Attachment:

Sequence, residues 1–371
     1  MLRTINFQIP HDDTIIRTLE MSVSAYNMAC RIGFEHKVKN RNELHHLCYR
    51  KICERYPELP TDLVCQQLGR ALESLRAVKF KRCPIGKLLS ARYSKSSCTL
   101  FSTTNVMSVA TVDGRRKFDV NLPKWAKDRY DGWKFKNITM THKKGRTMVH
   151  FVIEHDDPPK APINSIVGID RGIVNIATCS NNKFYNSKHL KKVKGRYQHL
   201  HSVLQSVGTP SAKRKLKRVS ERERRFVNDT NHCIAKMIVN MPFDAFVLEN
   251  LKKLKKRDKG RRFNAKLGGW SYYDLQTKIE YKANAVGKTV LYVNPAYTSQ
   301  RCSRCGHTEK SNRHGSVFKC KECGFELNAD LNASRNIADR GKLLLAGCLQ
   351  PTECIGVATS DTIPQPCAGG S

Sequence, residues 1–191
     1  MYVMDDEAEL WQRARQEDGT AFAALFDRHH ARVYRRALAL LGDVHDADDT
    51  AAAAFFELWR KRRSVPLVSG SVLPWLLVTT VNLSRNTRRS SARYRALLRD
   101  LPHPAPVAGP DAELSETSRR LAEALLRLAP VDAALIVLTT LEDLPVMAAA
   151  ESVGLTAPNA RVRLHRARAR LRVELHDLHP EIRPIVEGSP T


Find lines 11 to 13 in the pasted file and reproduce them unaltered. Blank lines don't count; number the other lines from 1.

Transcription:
     1  MYVMDDEAEL WQRARQEDGT AFAALFDRHH ARVYRRALAL LGDVHDADDT
    51  AAAAFFELWR KRRSVPLVSG SVLPWLLVTT VNLSRNTRRS SARYRALLRD
   101  LPHPAPVAGP DAELSETSRR LAEALLRLAP VDAALIVLTT LEDLPVMAAA